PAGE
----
Background and Purpose:
Home exercise programs (HEPs) improve quality of life (QoL), physical function, and fatigue in individuals recovering from cancer; however, they often lack supervision and individualization. Use of a weekly telephone call by a physical therapist (PT) may provide substantial guidance to improve outcomes and adherence. The purpose of this study was to determine the effect of weekly calls in addition to an individualized HEP on physical function, QoL, fatigue, and adherence in people with cancer.
A prospective 2-armed single-cohort design implemented with survivors of cancer in early recovery. Control and intervention groups received in-home instruction of a PT-prescribed, 8-week HEP. The intervention group received weekly phone calls while the control group had no formal follow-up or program monitoring. Outcome measures assessed pre-/postintervention: 6-minute walk test (6MWT), Fullerton Advanced Balance Scale, European Organization of Research and Treatment of Cancer QoL Questionnaire (EORTC QLQ-C30), and Functional Assessment of Chronic Illness Therapy Fatigue Scale (FACIT). Nonparametric statistics were used to analyze changes within and between groups.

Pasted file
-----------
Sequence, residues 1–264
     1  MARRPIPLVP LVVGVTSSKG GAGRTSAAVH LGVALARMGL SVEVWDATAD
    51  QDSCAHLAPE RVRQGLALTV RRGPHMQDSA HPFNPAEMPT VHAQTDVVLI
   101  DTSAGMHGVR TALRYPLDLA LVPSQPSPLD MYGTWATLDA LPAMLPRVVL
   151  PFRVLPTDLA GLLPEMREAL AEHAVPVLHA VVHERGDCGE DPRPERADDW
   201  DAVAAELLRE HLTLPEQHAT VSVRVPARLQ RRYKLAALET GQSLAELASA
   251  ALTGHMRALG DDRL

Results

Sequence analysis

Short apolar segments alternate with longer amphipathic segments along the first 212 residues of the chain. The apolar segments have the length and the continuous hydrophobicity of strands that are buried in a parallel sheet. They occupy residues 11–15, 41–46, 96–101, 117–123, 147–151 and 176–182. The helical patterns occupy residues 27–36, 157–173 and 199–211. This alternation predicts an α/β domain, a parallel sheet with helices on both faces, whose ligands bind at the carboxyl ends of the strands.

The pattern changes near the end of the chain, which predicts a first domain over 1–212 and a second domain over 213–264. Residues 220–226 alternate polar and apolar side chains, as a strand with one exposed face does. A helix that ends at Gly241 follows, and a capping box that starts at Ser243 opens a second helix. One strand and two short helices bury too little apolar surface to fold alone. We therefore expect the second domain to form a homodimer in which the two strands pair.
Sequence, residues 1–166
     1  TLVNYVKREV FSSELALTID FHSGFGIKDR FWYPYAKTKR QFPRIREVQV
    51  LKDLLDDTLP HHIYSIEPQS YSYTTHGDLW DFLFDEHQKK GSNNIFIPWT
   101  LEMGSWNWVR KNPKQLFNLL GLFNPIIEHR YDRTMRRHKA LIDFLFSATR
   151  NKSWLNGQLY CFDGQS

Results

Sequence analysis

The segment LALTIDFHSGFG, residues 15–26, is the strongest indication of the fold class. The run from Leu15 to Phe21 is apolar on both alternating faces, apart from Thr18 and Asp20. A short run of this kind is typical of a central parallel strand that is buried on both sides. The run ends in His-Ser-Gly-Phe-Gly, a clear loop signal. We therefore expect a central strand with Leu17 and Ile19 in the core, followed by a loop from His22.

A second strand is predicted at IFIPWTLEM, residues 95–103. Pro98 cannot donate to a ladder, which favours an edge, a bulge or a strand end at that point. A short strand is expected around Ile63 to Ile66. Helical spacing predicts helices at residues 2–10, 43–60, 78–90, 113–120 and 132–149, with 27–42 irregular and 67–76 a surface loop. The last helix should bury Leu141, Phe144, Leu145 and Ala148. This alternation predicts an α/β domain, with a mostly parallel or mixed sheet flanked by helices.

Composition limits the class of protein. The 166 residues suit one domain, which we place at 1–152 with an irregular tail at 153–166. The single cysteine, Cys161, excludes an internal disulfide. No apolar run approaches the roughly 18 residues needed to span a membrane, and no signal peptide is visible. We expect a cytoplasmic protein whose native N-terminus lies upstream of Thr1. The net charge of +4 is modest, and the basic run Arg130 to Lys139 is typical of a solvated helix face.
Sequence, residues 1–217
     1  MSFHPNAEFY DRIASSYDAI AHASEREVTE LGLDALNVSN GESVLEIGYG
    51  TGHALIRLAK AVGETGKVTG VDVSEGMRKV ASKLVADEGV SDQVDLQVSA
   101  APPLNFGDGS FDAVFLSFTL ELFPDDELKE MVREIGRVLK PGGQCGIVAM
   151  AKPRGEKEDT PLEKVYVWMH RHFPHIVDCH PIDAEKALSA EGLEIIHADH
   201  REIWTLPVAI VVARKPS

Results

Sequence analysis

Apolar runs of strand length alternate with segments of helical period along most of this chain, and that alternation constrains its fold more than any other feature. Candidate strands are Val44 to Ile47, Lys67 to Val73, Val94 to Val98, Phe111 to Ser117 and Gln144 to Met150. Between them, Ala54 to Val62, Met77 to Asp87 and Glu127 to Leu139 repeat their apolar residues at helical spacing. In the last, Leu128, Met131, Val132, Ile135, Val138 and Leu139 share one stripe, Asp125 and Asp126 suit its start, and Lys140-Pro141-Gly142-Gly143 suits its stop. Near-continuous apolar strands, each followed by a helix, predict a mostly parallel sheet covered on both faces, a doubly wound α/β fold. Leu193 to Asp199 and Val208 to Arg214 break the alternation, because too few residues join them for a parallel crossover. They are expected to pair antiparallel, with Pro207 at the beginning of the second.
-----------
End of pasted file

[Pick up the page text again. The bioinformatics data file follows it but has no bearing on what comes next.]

Fifteen participants (n = 7 intervention and n = 8 control) completed the study. The intervention group improved significantly in all outcomes except the 6MWT (P < .05). The control group did not demonstrate any significant improvements. Between groups, there was a significant difference at program completion in the FACIT (P = .007) and EORTC QLQ-C30 physical function subscale (P = .042).
A small, heterogeneous sample.
An individualized HEP with weekly calls may be a safe and effective way to improve outcomes of physical function, QoL, and fatigue in individuals with cancer during early recovery.